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Looking for the magic in ‘Looking for Rafflesias and Other Fleeting Things’

You can take “Looking for Rafflesias and Other Fleeting Things” as many things – e.g. coming out story, growing up/coming of age tale, snippets of a life in the province, May-December affair, and so on. And in a way, they’re all true. But – the bigger question is – does the short film work?

“Looking for Rafflesias and Other Fleeting Things” – by James Fajardo – tells the story of Gubat, who is believed to be a child of a “Tikbalang” (a half-human, half-horse mythical creature in Philippine folklore). This perception affects his relationship with everyone – e.g. the girl he admires – though also his way of seeing himself. To get away from the “maddening crowd”, he strolls in some forest, where:

  1. he finds a dead body,
  2. befriends a guy who saw him find a dead body,
  3. finds the rafflesia (a rare flower), and
  4. finds himself.

You can take “Looking for Rafflesias and Other Fleeting Things” as many things – e.g. coming out story, growing up/coming of age tale, snippets of a life in the province, May-December affair, and so on. And in a way, they’re all true. But – the bigger question is – does the short film work?

PROS

  • Regional storytelling rocks; more non-cosmopolitan narratives should always be welcomed.
  • Production touches that matter – e.g. the “punit” in the boy’s sleeve.

CONS

  • Too “script-y” – e.g. listen to the gossipmongers in front of the sari-sari store, speaking like they’re just reading off a script instead of giving life to real “tsismosas“.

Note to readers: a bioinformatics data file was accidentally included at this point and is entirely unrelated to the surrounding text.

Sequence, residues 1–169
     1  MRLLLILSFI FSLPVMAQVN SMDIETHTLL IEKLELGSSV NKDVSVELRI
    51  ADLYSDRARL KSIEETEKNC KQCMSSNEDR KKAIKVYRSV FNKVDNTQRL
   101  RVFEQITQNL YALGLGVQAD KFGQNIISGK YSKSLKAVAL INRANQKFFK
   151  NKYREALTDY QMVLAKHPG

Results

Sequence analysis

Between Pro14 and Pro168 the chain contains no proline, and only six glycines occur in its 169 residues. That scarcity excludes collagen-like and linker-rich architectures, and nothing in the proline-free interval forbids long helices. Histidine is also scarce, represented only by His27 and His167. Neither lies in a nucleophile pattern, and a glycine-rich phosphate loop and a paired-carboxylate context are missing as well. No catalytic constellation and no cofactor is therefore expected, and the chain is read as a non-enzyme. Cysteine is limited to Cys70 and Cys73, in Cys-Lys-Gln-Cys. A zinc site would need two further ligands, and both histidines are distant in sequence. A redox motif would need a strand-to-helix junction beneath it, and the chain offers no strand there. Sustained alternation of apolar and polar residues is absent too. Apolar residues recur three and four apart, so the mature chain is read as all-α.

• Too stage-y at times – e.g. when the grandmother and the grandson were chatting, seated on the wooden sofa. They looked too… “arranged”.
  • Hurrah (NOT!) for Filipino and English writing again…
  • Color grading’s too… generic. Reminded me of ‘Kawatan sa Salog (A Toy In The River)’, another entry to this year’s Cinemalaya.
  • Limited shots – e.g. the gossipmongers are discussing a passing funeral, but we really only see the two gossipmongers.
  • Some shots are unnecessarily too long – e.g. church scene with the cast singing “Our Father”.
  • Suspension of belief is necessary – e.g. he finds a dead body, and… he goes swimming; he disappears for days, and the “lola” doesn’t even look for him; etc.

IN THE END

Full of symbolism, “Looking for Rafflesias and Other Fleeting Things” has a good premise, and – admittedly, occasionally good shots. It’s the winding telling that’s sorta tedious; so if you can hack that, this short film is… tolerable.

READ:  Cinemalaya 2020 postponed

“Looking for Rafflesias and Other Fleeting Things” is part of the 17th edition of Cinemalaya Philippine Independent Film Festival, running until September 5 ktx.ph (https://www.ktx.ph/).

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